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LSP in Colombia

Advances and challenges

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Edited By Gabriel Quiroz Herrera and Pedro Patino Garcia

Studies in LSP in Colombia began in the 1990’s, mainly in the discipline of terminology. Since then, studies in translation, terminology, and LSP have spread out throughout the country. Many papers have been written since then in national and international journals by Colombian authors. This book comprises a set of 20 chapters derived from M.A. and Ph.D. theses of Colombian authors written in Austria, Chile, Colombia, France, Norway, and Spain. The multidisciplinary view of this book includes scholars from translation, linguistics, computer engineering, philosophy, and library and information science. These chapters deal with linguistic, phraseological, terminological, didactic, and textual issues related to terminology, translation, corpus linguistics, and computational linguistics from the Universidad de Antioquia, Universidad de Medellín, Universidad Nacional de Medellín, Universidad Autónoma de Manizales, Universidad EAFIT, Wake Forest University, NHH Norwegian School of Economics, Université Grenoble Alpes, and Université Paris VII.
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Explicit Denominative Variation Markers and their Implications in Translation: Mercedes Suárez

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MERCEDES SUÁREZ1

Explicit Denominative Variation Markers and their Implications in Translation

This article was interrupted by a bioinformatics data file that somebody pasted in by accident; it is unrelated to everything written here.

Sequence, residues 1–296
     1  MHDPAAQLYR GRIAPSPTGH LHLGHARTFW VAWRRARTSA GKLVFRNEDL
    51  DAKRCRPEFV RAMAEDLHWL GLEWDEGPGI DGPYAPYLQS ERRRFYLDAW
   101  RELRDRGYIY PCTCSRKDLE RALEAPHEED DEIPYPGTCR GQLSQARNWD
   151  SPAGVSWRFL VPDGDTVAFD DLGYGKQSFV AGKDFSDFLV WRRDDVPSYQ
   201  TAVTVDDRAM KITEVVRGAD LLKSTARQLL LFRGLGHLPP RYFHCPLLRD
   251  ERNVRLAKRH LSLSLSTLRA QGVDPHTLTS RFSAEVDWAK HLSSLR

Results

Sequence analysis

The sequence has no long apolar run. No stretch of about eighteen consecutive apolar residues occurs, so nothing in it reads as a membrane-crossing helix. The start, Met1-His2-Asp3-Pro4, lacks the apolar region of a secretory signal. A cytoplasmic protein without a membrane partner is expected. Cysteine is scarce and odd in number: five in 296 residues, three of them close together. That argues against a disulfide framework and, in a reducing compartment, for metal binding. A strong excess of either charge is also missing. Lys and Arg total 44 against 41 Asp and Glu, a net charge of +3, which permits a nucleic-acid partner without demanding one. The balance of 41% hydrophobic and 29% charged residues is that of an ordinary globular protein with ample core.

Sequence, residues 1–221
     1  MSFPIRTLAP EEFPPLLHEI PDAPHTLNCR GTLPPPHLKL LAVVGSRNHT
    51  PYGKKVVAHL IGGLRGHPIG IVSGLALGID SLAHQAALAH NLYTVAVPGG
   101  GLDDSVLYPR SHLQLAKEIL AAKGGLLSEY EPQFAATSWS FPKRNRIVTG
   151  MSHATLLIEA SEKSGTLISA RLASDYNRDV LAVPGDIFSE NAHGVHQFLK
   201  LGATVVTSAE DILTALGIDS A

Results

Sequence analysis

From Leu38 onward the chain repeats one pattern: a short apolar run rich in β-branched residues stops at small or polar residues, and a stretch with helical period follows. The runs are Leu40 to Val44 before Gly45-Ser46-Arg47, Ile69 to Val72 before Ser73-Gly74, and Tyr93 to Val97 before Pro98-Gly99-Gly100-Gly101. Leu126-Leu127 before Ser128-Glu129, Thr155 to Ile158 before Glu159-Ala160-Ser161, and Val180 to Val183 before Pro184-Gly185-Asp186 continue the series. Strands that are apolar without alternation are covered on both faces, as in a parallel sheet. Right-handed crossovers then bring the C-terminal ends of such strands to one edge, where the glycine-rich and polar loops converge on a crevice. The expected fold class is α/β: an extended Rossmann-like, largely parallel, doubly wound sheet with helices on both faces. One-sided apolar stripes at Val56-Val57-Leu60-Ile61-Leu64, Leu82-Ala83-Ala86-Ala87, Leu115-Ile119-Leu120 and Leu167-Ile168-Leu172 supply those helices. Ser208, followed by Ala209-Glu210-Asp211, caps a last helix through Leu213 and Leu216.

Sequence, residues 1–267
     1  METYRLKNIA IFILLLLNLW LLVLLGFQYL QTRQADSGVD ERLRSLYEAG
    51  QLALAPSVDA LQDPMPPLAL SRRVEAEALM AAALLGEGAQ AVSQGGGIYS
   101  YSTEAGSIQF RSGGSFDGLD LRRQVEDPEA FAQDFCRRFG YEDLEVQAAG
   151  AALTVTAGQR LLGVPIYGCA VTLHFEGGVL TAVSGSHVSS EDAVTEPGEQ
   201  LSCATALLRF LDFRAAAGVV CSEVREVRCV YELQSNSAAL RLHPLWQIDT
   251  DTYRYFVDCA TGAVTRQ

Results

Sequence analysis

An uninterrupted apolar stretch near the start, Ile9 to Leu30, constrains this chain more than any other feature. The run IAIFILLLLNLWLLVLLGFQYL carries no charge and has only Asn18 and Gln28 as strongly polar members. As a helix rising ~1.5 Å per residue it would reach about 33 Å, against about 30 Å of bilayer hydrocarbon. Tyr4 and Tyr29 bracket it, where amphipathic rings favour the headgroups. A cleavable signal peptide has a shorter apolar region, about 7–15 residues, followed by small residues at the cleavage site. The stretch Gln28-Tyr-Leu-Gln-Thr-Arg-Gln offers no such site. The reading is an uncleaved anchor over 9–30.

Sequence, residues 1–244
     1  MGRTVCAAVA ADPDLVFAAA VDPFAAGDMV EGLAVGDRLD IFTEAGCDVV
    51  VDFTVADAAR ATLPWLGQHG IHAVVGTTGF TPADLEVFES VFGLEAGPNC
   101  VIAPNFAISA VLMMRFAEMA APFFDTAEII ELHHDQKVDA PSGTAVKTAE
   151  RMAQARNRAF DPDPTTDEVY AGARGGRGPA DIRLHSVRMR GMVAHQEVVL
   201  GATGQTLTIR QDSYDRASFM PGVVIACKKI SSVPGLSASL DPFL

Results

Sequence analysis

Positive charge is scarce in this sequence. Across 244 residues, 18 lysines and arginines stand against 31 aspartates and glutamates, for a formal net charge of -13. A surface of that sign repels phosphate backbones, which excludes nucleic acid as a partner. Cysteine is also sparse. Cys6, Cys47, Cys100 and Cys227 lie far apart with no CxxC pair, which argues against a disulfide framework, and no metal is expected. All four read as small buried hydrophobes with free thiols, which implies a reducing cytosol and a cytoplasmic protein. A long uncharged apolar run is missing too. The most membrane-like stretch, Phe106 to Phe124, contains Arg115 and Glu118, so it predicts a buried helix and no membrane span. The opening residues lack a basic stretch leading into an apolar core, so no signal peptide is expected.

1.Introduction

This chapter presents the results of a study on Explicit Denominative Variation Markers (EDVM) conducted as part of the doctoral thesis Contrastive Analysis of Terminological Variation in Specialized Texts: from the ST to the TT (Suárez, 2004).

The term Explicit Denominative Variation was coined in order to show the presence of different lexical forms referring to a single concept and linked by discourse markers that express equivalence. A specialized parallel corpus was selected in order to detect the variants, and the discourse markers called, known as, named, or, parentheses, referred to, termed for and viewed as were chosen.

The results show that, from a production viewpoint, the Explicit Denominative Variation Markers, or EDVM, arise from the conceptualization of similarity, to a higher or lesser extent, between variants and contribute to determine the equivalence degree between them. From the translation viewpoint, the changes of EDVM lead to a change in the semantic, pragmatic and cognitive relation of the variants. ← 317 | 318 →

2.Theoretical framework

Alternative expressions or denominative variants do appear in texts throughout the usage of Explicit Denominative Variation Markers (EDVM). Some research works dealing with discourse markers have stated that the text itself gives information about the relationship that denominative variants keep when referring to a concept (Rodríguez 1999, Bach 2001, Bach and Suárez 2003). In particular, discourse markers such...

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